Tag Archives: Lindsay @ WPL

Classics for the Kiddos

I love picture books.  And the fact that I have two kids at home who I can read them with, makes it even better.  They love to cozy up with a good book at bedtime, and to be able to watch their faces light up while we read a story together, is the best feeling in the world.

As a mom, and a librarian (mombrarian?), it is my job to find books we can all enjoy, and on my latest story “shopping spree” at the library, I came across the beautiful books of Nikki McClure.  Nikki McClure is a New York Times bestselling children’s author and paper artist who has written and illustrated several acclaimed children’s books including To Market, To Market (2011), Mama, Is It Summer Yet? (2010) and illustrated the New York Times bestseller All in a Day, by Cynthia Rylant (2009).

market   mama   allinaday

McClure is known for her painstakingly intricate and beautiful paper cuts. Armed with an X-acto knife, she cuts out her images from a single sheet of paper and creates amazing and endearing pictures.  The result is a very retro feel, with a purity and simplicity that is extremely refreshing.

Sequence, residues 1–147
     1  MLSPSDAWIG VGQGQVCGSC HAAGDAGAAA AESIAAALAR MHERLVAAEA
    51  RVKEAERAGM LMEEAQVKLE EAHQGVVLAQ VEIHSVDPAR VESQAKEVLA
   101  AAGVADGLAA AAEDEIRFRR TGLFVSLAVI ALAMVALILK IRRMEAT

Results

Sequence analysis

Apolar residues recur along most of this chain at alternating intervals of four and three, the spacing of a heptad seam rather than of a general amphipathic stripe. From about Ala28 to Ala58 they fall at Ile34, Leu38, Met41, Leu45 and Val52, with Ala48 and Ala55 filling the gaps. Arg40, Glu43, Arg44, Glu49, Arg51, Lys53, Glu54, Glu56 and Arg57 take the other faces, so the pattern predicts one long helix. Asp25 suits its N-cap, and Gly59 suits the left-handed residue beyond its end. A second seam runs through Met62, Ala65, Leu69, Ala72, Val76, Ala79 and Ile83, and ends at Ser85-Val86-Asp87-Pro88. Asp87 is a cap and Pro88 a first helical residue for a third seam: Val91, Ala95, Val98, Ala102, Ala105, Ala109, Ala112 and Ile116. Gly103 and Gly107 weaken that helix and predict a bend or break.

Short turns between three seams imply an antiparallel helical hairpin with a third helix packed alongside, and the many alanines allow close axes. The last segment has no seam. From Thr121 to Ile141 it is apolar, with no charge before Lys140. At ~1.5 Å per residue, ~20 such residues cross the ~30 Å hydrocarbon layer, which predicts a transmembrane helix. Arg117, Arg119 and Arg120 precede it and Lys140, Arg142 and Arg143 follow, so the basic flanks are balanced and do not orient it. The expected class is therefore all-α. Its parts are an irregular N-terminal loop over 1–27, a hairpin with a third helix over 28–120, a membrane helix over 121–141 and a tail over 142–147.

After reading McClure’s books (and with a vintage vibe in my veins), I was inspired to check out some old classics that I remember loving as a child.  Classic books are timeless.  They’ve stood the test of time.  And it can be fun to revisit books that you, yourself, loved as a child.  Here are some of my favs, tried, tested and true:

capsCaps for Sale by Esphyr Slobodkina
The story of a peddler and a band of mischievous monkeys who steal the peddler’s caps.

blueberriesBlueberries for Sal by Robert McCloskey
Little Sal and Little Bear both lose their mothers while eating blueberries and almost end up with the other’s mother.

snowyThe Snowy Day by Ezra Keats
The adventures of a little boy in the city on a very snowy day.

ducklingsMake Way for Ducklings by Robert McCloskey
Mr. & Mrs. Mallard find the perfect spot to raise their young in Boston’s Public Garden.

mittenThe Mitten by Jan Brett
Nicki drops his white mitten in the snow, and one by one, a number of woodland animals find the mitten and crawl inside to keep warm.

~ Lindsay

 

 

Music to my (little) ears!